Read the course description below to learn how this course will be taught.
This course will be taught entirely online via Zoom.
This course will introduce the technical aspects of computer network security and how organizations plan for and respond to cyberattacks. We will also discuss the basics of digital forensic technology. Though this course is intended to be a continuation of Technology of Cybersecurity, motivated students with even a rudimentary understanding of programming are welcome. The course is designed for graduate students in law, public affairs, and other non-technical disciplines. We will explore topics like denial of service attacks, intrusion detection, digital forensics, reverse engineering, mobile security, side-channel attacks, machine learning, VPNs, TOR, and The Dark Web.
Note that this course does not address legal or policy questions, as those are the subject of the separate Cybersecurity Foundations course taught by Professor Chesney. Both courses are part of the larger Strauss Center program promoting cross-disciplinary training related to cybersecurity across the graduate school community at UT.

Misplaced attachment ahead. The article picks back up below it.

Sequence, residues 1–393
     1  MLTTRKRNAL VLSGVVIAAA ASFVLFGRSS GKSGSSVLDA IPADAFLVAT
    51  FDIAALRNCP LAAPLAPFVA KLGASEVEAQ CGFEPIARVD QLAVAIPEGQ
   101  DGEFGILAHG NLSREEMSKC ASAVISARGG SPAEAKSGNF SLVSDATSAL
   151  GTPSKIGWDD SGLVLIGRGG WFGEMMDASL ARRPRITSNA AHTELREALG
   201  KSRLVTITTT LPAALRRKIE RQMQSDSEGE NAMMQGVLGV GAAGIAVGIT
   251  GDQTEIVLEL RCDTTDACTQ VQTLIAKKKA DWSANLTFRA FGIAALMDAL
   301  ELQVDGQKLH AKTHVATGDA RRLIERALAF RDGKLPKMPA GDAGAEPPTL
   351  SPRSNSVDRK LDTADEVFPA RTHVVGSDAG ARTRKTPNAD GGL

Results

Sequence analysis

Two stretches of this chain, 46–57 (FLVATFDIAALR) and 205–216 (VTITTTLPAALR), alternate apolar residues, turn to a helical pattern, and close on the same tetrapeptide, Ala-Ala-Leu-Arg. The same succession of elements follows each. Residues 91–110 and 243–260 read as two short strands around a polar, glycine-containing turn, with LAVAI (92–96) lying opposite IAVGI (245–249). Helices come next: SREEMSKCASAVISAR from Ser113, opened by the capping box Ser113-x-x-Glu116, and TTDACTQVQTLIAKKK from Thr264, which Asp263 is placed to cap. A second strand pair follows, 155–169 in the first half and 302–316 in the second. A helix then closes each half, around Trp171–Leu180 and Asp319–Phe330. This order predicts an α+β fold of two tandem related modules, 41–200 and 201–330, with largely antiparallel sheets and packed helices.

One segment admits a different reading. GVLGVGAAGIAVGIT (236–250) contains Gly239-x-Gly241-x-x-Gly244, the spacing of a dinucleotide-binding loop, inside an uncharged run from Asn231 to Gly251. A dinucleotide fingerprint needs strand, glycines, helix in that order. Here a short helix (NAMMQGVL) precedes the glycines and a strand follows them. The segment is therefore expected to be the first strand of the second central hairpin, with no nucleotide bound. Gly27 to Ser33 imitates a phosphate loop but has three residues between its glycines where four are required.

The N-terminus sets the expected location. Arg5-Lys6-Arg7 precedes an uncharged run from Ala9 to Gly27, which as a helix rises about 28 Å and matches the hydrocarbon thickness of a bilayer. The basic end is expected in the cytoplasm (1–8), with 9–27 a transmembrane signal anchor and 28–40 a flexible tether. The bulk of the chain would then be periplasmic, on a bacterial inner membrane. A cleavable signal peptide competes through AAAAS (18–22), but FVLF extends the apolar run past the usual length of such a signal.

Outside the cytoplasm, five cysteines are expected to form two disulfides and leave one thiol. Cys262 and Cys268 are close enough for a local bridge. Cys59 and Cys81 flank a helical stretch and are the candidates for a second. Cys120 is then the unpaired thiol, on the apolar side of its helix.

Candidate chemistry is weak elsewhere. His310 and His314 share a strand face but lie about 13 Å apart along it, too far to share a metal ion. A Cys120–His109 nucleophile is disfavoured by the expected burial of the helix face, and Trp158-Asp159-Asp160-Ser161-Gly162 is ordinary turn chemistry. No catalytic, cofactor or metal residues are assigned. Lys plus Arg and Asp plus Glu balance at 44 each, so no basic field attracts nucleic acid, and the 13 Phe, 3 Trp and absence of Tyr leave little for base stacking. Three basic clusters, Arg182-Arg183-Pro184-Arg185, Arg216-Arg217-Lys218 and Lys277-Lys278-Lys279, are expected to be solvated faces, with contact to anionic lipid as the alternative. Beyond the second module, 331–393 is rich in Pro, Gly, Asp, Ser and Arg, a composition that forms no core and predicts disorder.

|Tuesday, Thursday||4:30 - 5:51 pm||ONLINE|
|Evaluation Method||Date||Time||Alpha Range||Room|
- Course Type
- Grading Method
- Pass/Fail Allowed
- Will use floating mean GPA if applicable
Incident Response & Computer Forensics, Third Edition - Pepe, Matthew, Luttgens, Jason, Kazanciyan, Ryan, Mandia, Kevin, Luttgens, Jason T.McGraw-Hill Education , edition: 3
ISBN: 978-0-07-179868-6 (required)
Computer Security Incident Handling Guide : NIST Special Publication 800-61, Revision 2 - Cichonski, Paul, Mllar, Tom, Grance, Tim, Scarfone, Karen, and U.S. Department of Commerce, U. S. DepartmentCreateSpace Independent Publishing Platform
ISBN: 978-1-4974-6803-0 (required)